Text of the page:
This all sounds fairly basic, and most it is, but by the time I’ve done the rounds of cleaning, collecting produce, feeding and socializing with the animals – chickens are very needy creatures – the day is done. Even dressing my chickens in top hats and waistcoats doesn’t really make the slog any easier.
I also have some high-maintenance oversized crops that need tending to, with allotments packed with aubergines, pumpkins and more. I try to befriend the local wildlife – birds, rabbits and foxes – so they will help me maintain the farm but by the time I befriended one bunny it had disappeared, and a new one appeared that was considerably less helpful. And don’t even get me started on the foxes who, between all these activities, are trying to steal your chickens, unless you befriend them and ask them to stop. I dressed one fox as a burglar so that I could see when he was coming: my new mortal enemy. And there’s me thinking rural living is supposed to be stress-free.
To be fair, I jumped into the deep end. I chose to enable two of the new lot challenges, one allowing for wild foxes and the other letting me live off the land – the latter meaning that your fridge doesn’t refill, so you have to either order grocery deliveries or live off what your animals produce.
That produce also goes a long way in securing village bragging rights. The main hub of the neighborhood is Finchwich, a quaint village complete with a pub, some shops in which you can only window-shop, and a couple of stalls selling farming goods and produce – with one stall occasionally manned by the insufferable Agnes Crumplebottom, who loves nothing more than to beat you with her handbag if you dare partake in any sinful flirting in her vicinity.
Most importantly, the village has a green that’s the venue for the weekly Finchwich Fair, where Sims in the neighborhood bring their best produce or animals to compete. The fair has a different produce category each week, and I’ve decided that I will win them all: the next category is eggs, and I’m sure to be onto a winner there. The best-laid plans of mice and men.
I enter a chocolate egg lovingly laid by my beloved chicken Mae, and place it for inspection. After being harassed by another competitor, who’s lucky she didn’t get a beef wellington in the face, I finished third. A week of toil for this… all to do it again next week. And I did it again in the following weeks too, submitting blueberry pies, prize cows and strawberry milk, but even when I won it felt like a lot of work for little reward.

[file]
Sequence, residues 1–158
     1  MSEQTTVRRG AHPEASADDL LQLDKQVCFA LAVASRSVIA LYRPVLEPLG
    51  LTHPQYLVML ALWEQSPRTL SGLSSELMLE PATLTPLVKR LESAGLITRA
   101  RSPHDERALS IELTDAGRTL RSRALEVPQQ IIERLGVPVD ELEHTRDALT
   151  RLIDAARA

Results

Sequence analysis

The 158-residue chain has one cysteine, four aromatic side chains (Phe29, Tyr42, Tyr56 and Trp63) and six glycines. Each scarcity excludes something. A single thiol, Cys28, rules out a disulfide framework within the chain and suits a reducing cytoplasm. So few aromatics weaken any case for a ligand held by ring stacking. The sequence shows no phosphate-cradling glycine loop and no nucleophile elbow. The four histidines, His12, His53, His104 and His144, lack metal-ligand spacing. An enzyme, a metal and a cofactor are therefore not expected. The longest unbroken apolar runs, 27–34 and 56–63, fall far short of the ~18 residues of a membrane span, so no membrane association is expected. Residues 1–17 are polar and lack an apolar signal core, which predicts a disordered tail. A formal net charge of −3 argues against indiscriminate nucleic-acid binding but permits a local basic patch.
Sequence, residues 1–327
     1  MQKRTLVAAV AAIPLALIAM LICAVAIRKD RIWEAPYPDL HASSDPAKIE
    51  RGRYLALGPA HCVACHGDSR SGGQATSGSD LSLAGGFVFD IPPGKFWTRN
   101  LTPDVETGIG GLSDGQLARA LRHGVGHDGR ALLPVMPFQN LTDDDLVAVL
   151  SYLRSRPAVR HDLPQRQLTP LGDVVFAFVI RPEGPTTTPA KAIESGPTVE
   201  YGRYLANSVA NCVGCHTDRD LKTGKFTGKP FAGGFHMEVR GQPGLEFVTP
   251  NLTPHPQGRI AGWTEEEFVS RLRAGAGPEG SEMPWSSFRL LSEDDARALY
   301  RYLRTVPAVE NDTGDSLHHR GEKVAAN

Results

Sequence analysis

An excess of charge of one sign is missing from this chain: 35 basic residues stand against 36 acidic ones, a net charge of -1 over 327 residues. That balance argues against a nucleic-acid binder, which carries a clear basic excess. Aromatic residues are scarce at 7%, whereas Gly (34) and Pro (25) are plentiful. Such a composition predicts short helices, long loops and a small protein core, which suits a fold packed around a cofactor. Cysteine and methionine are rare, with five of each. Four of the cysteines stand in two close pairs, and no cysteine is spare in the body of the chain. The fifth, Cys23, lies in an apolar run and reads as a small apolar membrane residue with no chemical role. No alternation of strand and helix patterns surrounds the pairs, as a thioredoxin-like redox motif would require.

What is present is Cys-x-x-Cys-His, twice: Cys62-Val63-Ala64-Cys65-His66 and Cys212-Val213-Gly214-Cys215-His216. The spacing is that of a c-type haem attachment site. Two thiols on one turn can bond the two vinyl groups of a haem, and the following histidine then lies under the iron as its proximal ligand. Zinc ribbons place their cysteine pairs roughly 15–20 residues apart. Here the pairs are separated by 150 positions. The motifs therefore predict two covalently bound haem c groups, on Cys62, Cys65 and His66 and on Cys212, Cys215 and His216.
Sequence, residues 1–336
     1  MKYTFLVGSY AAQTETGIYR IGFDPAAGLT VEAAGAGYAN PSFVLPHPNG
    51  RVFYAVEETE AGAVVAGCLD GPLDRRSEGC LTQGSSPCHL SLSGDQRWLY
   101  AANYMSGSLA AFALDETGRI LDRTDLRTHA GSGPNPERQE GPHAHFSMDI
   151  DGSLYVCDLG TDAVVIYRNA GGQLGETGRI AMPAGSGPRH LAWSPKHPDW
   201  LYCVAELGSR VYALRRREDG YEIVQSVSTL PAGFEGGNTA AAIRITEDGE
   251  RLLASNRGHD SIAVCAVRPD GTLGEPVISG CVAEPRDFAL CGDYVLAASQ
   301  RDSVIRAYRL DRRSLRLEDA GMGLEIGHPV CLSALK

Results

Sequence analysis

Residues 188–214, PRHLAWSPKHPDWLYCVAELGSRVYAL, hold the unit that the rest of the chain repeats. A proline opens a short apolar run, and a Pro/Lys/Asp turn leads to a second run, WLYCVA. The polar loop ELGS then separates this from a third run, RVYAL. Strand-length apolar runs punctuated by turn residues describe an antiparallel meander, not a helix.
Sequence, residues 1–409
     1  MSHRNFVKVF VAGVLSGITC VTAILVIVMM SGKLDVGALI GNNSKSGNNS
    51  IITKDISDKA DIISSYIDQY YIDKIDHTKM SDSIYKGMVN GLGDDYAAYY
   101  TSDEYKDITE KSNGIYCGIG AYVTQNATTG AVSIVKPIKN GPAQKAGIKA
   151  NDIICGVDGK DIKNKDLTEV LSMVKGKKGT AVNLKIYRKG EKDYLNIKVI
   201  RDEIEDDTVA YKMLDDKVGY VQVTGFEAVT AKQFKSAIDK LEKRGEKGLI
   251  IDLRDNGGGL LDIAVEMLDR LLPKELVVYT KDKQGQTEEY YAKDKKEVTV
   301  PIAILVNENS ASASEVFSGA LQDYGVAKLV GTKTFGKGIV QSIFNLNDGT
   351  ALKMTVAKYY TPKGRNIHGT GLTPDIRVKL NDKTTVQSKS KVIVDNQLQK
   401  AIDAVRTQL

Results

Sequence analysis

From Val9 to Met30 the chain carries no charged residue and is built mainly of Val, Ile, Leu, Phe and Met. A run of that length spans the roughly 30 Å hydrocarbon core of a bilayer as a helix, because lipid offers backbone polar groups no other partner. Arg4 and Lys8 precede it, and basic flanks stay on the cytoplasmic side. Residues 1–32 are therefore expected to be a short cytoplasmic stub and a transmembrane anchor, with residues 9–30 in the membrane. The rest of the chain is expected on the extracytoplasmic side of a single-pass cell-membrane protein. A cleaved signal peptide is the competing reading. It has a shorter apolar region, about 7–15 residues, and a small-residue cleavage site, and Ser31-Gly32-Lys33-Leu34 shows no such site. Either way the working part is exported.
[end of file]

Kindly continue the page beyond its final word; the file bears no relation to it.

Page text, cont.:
To alleviate my jadedness I begin picking up errands from the village board, which let you complete various tasks for the village’s residents in return for rewards – collecting orders for the grocer, or creating a cross-stitch for Agnes Crumplebottom, or delivering a box for the mayor. These tasks give you a goal to work towards, and aren’t always straightforward, but they too eventually begin to become a chore.
Novelty wears out
With each passing day, the novelty of Henford-on-Bagley and my prized animals begins to wear thin on me. There’s only so much cross-stitching I can do in a pub that serves no pints of beer (an English staple), and only so many chicken jokes I can tell before I begin to feel I’ve outstayed my welcome.
My chickens begin to die, and as they do I feel a sense of relief that I’ve one less to look after, one less rooster to entertain in the morning. I even consider letting Kentucky, my eldest, peck me to death for a bit of excitement (that can actually happen – I told you, chickens are needy).
Overall, Cottage Living doesn’t feel like a whole new game, it feels like it’s there as a brief aside to the base game – complementing the base game is likely what EA Maxis was going for – but I would have loved to have at least had a new career to progress through, or some extra elements to farming that didn’t make it feel so samey every day. There is a lot of new content here, and some lovely little touches that bring the countryside aspect to life – but within a few hours I felt like I’d experienced all there was to offer.